Libraries have not developed a mechanism to aggregate and search IRs, and thus GS has become the best de facto search engine available for IR content. But just as institutional repositories are gaining enough mass to make them useful and credible sources of research output, the difficulties associated with SEO threaten to undermine their potential. Faculty and other authors who contribute publications to IRs may lose interest if their publications can't be located (and cited) in academically-oriented search engines like GS.
Surveys of IR indexing ratios in Google Scholar
In October and December 2011 the authors conducted two surveys of institutional and disciplinary repositories to arrive at a preliminary determination of how well GS was indexing them. The IRs were identified through the Directory of Open Access Repositories, also known as OpenDOAR (University of Nottingham, 2011).
Only institutional or disciplinary repositories housed in the USA were selected for these surveys. They were chosen for their academic content, and to represent an approximate real-world distribution of several repository software types: DSpace, Digital Commons, EPrints, IR+, CONTENTdm, DigiTool, and arXiv (see Table I). While there are a number of other software types in use, many of them are not found in the U.S. Some repositories found in OpenDOAR were ruled out because it was immediately obvious that they included other types of non-IR digital collections, such as photographs. According to OpenDOAR the arXiv repository software is used only by arXiv, but it was included in Survey 1 because of its size and importance to the scientific community (see Table I for a complete listing of the repositories selected for survey 1).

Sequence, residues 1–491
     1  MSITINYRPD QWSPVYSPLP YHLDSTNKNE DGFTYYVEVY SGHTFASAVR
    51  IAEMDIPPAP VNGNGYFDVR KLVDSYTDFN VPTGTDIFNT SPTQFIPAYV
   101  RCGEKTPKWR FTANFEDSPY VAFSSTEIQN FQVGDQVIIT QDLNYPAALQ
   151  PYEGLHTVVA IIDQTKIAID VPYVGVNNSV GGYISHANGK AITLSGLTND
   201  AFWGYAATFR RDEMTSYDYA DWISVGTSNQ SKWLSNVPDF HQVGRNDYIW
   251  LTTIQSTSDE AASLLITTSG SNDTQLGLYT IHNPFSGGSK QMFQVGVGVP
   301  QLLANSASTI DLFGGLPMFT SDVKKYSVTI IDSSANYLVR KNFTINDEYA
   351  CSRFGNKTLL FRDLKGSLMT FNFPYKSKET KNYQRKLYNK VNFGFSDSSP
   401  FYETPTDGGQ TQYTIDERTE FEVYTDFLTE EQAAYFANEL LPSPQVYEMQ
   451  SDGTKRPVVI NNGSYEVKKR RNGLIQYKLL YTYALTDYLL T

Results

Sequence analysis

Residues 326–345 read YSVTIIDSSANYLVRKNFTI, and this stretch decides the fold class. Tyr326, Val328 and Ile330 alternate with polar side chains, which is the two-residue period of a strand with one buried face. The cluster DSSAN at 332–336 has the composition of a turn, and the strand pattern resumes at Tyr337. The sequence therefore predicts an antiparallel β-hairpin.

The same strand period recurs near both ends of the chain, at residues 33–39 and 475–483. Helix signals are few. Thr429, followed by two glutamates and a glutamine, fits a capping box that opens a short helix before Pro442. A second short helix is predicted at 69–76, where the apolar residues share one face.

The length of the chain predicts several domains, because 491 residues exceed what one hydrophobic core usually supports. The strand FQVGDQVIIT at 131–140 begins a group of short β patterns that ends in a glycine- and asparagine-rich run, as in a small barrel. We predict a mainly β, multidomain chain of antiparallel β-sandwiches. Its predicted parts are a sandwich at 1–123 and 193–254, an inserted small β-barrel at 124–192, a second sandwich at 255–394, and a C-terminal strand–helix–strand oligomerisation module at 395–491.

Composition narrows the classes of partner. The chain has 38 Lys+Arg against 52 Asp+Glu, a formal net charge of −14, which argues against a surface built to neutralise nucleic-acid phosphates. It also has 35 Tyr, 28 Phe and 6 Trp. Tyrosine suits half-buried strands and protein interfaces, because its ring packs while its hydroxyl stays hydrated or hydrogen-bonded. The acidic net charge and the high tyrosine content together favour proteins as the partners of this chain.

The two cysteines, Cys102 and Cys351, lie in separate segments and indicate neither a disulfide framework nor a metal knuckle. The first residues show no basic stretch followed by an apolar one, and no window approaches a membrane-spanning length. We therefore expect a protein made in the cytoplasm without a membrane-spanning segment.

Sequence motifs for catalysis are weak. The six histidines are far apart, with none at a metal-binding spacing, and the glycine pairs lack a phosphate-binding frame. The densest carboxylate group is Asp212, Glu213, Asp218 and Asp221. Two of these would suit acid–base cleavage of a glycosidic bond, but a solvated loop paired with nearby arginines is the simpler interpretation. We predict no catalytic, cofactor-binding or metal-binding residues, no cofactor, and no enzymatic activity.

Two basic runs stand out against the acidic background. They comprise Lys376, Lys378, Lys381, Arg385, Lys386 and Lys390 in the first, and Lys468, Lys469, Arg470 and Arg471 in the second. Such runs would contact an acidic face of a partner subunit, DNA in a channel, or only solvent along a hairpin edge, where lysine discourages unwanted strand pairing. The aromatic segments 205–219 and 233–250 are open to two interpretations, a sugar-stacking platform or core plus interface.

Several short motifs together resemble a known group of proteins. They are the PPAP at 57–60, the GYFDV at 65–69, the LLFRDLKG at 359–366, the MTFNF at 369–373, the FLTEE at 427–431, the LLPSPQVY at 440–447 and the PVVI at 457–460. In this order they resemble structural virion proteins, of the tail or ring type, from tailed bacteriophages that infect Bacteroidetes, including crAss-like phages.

Search engine indexing is a dynamic environment. Crawlers return to repositories periodically to pick up new additions, sometimes discarding items if they run into errors, and the repositories themselves are (hopefully) continually growing. Therefore these surveys should be understood to be a snapshot from a specific moment in time.
OpenDOAR records list the number of items in most repositories, but those figures are usually outdated. The authors determined the current number of repository items from figures available on the sites themselves, and in one case by contacting the repository manager. DSpace repositories make it is easy to browse by title to reveal all the items in the repository. In the case of digital commons, a dynamic script posts the current total items in the repository. EPrints repositories had a page that listed the number of items by type, the sum of which represented all the items in the repository. Other sites offered similar methods of determining the total number of items contained in the repository.
Survey 1 Methodology
In the first survey searches were conducted to determine the number of items indexed by GS from a given repository by using the “site” operator, i.e. search queries in GS were structured in the following manner: “site:repositoryURL.” This operator must be used with caution, because in GS it only searches the primary versions of academic papers. In other words, a paper that has been formally published in a journal will be considered the primary version. Additional versions of that paper, including those that appear in IRs may be indexed by GS, but are considered other versions and will only be revealed by clicking the “versions” link (see Figure 3). Because the other versions do not appear on the initial search results page, it is incorrect to assume that the number of results of a search using the site operator shows all the items that GS has indexed from that repository.
The data from this survey confirm a low average primary publication indexing ratio of only 30 percent (see Table I and Figure 4). Being mindful of casting aspersions, the authors are fully aware that their own IR (USpace) currently shows a near zero percent indexing ratio in GS.
Survey 2 Methodology
In the second survey the authors used a similar approach to the one they had employed in 2010 to survey the repositories of the Mountain West Digital Library, i.e. they searched in GS for known repository items by their titles. This method is, of course, slower and more laborious, but it is also more accurate, allowing articles to be counted whether they appear as the primary link in the initial list of results or are hidden behind the “versions” link.